There were interesting time at 1842 Monroe – like when we discovered roaches and called the exterminator ourselves. He gassed the house, effectively driving out the bugs and ruining supper for the people in the upper floors, and causing Amigo to throw up. Or our Fish House punch party (recipe from the friendly Mt. Pleasant liquor store), where we had invited our usual odd lot of friends: Georgetown seniors, Hood graduates, the Czech couple down the street who rented their alley garage to Fran for her car, Ann McCloud from my office and her alcoholic husband, who got into a shouting match (a near brawl) with a Mt. Saint Mary’s grad. He eventually passed out on our couch. The next morning after his breakfast of beer and cigarettes he informed us that he’d used one of the toothbrushes in the bathroom. Needless to say, we suffered dirty teeth until we could get out for replacements.
Once we released Freon into the kitchen after trying to defrost the ancient refrigerator. This necessitated us moving into the back yard until the fumes dispersed. It also got us a larger, more convenient model as a replacement.
There was the night that Fran got a call from her office, telling her that she had forgotten to get rid of a carbon and had to go all the way back downtown and shred it personally.
There were walks over to 14th Street (past blacks, whites and Latinos, all coexisting peacefully) to shop at the 5 & 10 and go to the movies at the Tivoli Theater.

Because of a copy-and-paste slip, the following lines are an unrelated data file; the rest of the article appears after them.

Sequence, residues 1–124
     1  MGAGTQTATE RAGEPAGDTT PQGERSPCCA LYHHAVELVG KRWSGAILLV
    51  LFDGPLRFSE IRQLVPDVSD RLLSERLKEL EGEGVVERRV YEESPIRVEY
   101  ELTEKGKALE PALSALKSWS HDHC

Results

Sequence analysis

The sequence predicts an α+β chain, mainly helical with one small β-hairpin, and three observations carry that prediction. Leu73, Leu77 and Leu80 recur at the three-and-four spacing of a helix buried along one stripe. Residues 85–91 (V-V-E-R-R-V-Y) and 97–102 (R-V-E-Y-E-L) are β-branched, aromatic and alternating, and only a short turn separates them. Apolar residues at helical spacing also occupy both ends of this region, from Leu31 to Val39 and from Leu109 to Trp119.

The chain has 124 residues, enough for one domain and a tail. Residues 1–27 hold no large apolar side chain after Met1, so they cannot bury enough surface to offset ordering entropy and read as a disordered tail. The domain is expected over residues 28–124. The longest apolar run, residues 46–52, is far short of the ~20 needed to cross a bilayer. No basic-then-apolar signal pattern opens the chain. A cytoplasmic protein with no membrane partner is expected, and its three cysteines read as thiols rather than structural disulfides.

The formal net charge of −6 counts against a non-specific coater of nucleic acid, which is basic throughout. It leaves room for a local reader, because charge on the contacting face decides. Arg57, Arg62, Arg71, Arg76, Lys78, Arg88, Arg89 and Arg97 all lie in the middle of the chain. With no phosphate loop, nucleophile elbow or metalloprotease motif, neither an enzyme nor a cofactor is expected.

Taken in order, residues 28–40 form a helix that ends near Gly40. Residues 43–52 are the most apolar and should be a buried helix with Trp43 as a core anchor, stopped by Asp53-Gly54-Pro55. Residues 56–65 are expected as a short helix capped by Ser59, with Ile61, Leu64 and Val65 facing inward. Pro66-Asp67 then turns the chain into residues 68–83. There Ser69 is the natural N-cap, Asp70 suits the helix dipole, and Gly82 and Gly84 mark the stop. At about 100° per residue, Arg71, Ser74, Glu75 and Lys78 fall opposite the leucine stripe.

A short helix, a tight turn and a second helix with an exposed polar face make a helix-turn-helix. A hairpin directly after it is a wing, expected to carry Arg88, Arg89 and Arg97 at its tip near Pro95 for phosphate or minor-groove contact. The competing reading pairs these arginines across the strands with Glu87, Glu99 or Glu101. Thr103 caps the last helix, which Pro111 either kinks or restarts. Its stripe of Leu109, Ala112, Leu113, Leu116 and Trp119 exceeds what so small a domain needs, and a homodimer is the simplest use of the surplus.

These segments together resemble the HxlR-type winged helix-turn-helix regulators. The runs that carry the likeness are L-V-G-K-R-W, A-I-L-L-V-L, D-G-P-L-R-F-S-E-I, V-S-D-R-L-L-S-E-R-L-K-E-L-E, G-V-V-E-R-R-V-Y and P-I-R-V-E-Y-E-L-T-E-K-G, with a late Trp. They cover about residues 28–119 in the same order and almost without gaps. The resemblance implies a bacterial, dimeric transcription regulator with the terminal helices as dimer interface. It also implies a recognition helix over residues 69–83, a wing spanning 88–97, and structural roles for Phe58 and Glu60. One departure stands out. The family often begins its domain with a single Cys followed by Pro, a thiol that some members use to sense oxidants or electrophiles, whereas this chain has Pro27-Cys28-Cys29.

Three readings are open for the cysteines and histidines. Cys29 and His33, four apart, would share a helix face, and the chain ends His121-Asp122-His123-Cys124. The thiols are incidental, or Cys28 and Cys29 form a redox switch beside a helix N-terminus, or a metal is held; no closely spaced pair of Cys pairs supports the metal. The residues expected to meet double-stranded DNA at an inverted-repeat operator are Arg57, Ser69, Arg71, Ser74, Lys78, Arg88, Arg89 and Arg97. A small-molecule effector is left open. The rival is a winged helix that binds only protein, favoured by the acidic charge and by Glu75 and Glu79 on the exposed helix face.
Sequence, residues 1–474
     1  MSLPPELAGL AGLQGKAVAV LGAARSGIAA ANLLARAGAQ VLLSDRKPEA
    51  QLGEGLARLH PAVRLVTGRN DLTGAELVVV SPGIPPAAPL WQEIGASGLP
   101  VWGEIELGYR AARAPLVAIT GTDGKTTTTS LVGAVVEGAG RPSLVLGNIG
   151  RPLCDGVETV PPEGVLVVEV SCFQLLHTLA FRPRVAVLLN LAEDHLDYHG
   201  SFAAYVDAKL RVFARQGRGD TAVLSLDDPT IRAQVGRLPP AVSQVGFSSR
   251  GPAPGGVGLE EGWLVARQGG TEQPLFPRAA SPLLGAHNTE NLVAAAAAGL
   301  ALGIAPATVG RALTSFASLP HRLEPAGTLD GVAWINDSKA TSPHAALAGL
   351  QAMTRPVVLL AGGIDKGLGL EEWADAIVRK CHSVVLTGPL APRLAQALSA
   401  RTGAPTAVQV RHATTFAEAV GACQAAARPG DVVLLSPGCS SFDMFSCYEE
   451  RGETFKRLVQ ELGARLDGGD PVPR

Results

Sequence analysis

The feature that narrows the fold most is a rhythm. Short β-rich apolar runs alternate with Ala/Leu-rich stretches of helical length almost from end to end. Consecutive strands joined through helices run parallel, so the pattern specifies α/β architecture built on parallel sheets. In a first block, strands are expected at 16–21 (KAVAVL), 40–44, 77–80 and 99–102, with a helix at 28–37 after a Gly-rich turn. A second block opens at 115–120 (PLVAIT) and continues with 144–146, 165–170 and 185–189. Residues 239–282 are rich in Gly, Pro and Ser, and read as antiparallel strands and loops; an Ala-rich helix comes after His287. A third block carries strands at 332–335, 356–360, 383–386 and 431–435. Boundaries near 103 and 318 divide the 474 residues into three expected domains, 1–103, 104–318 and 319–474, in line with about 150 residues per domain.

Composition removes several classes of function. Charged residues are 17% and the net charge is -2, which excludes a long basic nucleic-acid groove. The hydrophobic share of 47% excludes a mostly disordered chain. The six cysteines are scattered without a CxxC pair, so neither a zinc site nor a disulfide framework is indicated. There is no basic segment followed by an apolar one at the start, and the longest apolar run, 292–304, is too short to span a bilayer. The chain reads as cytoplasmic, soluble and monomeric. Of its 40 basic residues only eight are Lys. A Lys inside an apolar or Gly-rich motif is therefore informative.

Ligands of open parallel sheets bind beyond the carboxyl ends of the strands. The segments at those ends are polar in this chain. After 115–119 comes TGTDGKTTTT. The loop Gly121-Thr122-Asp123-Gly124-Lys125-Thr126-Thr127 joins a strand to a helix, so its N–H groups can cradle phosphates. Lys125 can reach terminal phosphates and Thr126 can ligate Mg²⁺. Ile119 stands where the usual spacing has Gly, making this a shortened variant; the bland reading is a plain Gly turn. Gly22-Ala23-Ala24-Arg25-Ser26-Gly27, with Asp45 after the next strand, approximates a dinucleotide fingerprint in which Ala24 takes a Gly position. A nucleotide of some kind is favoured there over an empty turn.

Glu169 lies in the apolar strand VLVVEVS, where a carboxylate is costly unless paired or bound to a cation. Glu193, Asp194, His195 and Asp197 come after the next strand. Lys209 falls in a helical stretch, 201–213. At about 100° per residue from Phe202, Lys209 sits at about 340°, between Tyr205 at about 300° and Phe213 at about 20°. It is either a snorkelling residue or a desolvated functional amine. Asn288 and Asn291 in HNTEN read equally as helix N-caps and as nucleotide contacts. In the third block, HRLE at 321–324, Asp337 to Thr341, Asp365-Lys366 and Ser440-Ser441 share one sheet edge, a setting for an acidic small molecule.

There were parties with our Georgetown senior friends, our first magical trip to the ballet, courtesy of a visiting Hood senior who wanted to go. Fran dragged me to hear a near-peasant conductor named Leonard Bernstein. We went to the Lisner to hear Andres Segovia play and I was a little disappointed that it wasn’t a little more flamenco-y like popular guitarist Vicente Gomez. We went to the refurbished Gaiety Theater (near the Shubert) to see The Lady’s Not for Burning and to the monument grounds for fireworks.
We drove to Mexico City in Fran’s Nash Rambler.
Once, just before she left for Panama, Fran, a lapsed Lutheran, piled us in her car and rushed us downtown for a surprise. We ended up at Thomas Circle, where she stopped and triumphantly pointed out an unimposing statue of Martin Luther.
After she left for Panama the next roommate, Joann, a veritable busy bee, decided we should paint and re-do the living room. The horrified landlady watched as we coated the wooden fireplace with white paint, did the walls a light gray and sanded and waxed the floors. My mother, living at this point in Arlington, made a flashy flowered slipcover for the couch, and we hung my red curtains from college at the windows. Miracle transformation. Even Mrs. Foster passed the final result and brought in friends to show it off.
My final memory of 1842 was a surprise wedding shower.
My two Hood college friends stayed on for awhile, then each moved on and married.
About ten years into my own marriage I saw a picture in the paper of a house fire that had destroyed the building located at 1842 Monroe Street NW. I cut out the article and sent it to Fran, and we separately mourned the end of an era.